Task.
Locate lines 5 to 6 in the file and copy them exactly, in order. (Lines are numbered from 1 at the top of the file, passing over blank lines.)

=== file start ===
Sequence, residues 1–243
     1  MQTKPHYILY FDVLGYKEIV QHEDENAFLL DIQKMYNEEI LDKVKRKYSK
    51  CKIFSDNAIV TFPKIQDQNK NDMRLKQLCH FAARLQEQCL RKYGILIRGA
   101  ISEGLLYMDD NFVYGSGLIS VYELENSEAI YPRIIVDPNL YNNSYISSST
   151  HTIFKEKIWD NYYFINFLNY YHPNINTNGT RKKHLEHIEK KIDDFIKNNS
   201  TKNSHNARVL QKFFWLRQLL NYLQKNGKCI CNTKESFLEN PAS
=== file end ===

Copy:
   151  HTIFKEKIWD NYYFINFLNY YHPNINTNGT RKKHLEHIEK KIDDFIKNNS
   201  TKNSHNARVL QKFFWLRQLL NYLQKNGKCI CNTKESFLEN PAS